- The Washington Times
Thursday, August 20, 2015

Republican presidential candidate Donald Trump joked Thursday that his U.S.-Mexico border wall will be known as “The Great Wall of Trump” while saying the country does not need a similar wall on the border between the United States and Canada.

“It’s something that can be absolutely done, not done at tremendous cost,” Mr. Trump said on Fox Business Network’s “Mornings with Maria.” “You know, it’s been costed by politicians and they came out with these outrageous numbers. As you know, I know how to build. I know how to get it done. We’ll have a great wall. We’ll call it the Great Wall of Trump. We’ll have a great wall and it’ll be — it’ll be actually — it can be a good-looking wall, as walls go, but we will have a really terrific wall and it’ll be done for the right price.”

Asked later by host Maria Bartiromo if Mr. Trump will indeed put his name on it, he replied: “No, I’m only — I’m only being facetious.”

He had brought up the Great Wall of China as a point of comparison and said there didn’t need to be a similar wall on the United States’ northern border.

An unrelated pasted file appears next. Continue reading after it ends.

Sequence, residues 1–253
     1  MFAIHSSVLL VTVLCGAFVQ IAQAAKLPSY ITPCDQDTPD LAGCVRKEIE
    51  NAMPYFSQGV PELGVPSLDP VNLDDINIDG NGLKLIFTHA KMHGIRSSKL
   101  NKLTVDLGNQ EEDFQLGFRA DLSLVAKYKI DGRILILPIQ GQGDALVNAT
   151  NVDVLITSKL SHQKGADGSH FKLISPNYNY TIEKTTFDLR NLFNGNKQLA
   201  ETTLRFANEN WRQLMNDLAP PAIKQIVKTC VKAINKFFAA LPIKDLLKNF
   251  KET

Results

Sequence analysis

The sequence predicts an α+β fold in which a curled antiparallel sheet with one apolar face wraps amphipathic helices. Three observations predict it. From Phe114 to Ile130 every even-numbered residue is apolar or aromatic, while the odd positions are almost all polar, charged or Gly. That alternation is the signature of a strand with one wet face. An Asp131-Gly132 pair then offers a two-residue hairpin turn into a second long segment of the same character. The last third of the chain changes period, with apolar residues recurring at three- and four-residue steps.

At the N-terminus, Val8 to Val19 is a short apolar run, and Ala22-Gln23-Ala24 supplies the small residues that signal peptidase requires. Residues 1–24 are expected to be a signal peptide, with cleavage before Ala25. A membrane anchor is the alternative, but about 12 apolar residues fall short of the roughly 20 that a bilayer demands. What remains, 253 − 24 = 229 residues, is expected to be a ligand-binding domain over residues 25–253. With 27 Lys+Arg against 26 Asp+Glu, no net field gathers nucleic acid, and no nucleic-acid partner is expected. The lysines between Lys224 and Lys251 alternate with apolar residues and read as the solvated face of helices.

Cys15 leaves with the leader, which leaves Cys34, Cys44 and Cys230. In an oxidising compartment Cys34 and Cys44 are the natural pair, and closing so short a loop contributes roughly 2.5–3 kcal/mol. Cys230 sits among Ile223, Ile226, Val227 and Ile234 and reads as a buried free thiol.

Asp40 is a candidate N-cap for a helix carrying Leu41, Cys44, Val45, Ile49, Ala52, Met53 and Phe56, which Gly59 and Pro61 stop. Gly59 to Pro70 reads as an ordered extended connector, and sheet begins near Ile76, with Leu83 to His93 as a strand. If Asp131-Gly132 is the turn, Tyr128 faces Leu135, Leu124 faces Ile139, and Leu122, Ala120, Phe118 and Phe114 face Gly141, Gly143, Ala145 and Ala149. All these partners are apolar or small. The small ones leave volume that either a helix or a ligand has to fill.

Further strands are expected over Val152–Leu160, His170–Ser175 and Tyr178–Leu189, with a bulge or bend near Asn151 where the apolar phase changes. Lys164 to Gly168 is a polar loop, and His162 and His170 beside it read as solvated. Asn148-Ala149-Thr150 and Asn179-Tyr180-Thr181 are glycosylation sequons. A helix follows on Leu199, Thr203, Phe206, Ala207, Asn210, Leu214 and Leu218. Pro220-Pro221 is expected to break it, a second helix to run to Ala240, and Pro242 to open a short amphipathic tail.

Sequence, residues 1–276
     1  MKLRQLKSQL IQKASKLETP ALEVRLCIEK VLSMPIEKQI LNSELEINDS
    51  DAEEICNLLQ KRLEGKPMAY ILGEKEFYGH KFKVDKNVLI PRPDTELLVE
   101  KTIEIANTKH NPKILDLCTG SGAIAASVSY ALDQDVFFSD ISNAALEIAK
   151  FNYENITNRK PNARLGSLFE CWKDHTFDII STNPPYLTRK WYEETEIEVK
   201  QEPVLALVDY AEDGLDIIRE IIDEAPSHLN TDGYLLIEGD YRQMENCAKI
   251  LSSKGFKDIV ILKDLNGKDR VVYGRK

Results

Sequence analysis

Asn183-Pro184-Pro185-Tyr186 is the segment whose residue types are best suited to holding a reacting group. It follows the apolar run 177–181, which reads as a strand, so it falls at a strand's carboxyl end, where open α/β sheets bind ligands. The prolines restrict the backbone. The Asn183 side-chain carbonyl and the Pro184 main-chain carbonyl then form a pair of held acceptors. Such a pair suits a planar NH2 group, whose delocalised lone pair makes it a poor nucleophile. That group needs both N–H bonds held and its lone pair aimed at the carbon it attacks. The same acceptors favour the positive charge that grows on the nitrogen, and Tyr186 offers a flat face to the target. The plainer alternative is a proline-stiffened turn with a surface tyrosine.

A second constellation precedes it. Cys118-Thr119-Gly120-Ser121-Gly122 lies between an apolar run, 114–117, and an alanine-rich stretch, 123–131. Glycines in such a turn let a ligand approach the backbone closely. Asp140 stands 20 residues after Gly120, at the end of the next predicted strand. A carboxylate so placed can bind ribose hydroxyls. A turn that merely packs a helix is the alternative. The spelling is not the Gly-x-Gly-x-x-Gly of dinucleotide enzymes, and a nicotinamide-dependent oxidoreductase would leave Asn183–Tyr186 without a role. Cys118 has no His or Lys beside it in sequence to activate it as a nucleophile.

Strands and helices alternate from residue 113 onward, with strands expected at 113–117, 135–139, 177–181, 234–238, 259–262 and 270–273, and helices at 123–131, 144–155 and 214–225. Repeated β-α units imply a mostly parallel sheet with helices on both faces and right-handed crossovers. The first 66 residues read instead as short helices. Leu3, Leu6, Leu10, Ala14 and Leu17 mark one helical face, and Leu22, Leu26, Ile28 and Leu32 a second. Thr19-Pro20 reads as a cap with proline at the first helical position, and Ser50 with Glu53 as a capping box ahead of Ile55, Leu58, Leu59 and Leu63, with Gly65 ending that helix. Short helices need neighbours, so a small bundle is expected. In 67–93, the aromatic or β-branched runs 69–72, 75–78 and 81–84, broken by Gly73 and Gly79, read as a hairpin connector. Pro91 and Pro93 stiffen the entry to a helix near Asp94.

“We don’t need a wall there. It’s a much different situation. And frankly in terms of Canada … you look at what’s going on with Canada, it’s a much different kind of situation that we have with Canada,” he said. “We have to police it; we have to be very vigilant; we have to be careful. But also the length, you’re talking about a tremendous length, a tremendous distance.”

“You know, interestingly, the wall on the southern border, it’s — really, if you think it’s a thousand miles. It’s 2,000 miles, but a lot of it — some of it’s done — it’s done poorly by the way, what they’ve done is very poor, very poor work, [a] very poor job, very — not much of a wall,” he said. “But you also have natural terrain which is automatically a barrier, which is a good thing. So you’re talking about a thousand. And then you look at the Great Wall of China that was built 2,500 years ago. It’s 13,000 miles. And we’re really talking about something … a little more than a thousand miles.

“You know, for years, they’ve wanted to do it,” he said. “I don’t know if you know, even Hillary Clinton, I mean, for years they’ve wanted to do it, but they could never get it figured out how to get it done. And, you know, one of the things that stopped it was the environmental impact statement. Can you believe it?”

“They couldn’t get an environmental impact statement completed to get the wall built,” he said. “That’s a whole ‘nother conversation.”

• David Sherfinski can be reached at dsherfinski@washingtontimes.com.

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